What is conventional corneal transplantation?
Conventional corneal transplantation can be of the penetrating type, which consists of the total replacement of the cornea, or lamellar, in which specifically diseased layers are replaced.
Corneal transplantation can be posterior, when it affects the corneal endothelium (innermost layer) or anterior, when it affects the stroma. In cases in which the corneal epithelium (outermost layer) is affected, the treatment is corneal stem cell transplantation.
In which cases is it done?
In which cases is it done? Conventional corneal transplantation is performed in patients whose cornea is totally or partially damaged, due to pathologies such as keratoconus or accidents, which have caused a loss of transparency or corneal regularity.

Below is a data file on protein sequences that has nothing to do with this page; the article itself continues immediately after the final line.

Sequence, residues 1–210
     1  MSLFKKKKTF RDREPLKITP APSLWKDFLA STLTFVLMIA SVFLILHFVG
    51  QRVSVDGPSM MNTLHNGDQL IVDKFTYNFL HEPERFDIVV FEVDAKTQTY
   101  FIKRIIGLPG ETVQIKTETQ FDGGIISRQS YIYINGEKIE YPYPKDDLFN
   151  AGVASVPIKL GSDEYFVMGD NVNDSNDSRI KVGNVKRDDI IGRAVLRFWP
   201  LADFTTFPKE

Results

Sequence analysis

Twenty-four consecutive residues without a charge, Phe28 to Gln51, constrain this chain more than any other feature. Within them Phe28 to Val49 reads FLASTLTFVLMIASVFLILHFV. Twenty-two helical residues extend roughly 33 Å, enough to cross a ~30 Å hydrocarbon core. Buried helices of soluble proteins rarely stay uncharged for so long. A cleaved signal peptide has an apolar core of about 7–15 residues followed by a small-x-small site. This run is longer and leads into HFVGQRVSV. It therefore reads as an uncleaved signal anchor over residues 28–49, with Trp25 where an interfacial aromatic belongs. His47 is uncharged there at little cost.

A complete ophthalmological examination is necessary prior to surgery.
Using local anaesthesia and sedation, the entire cornea or previously selected layers are replaced. It is important that after the intervention, the patient avoids efforts for 2-3 weeks.
Like all surgery, it has risks of complications after it (infections, rejection, granuloma…).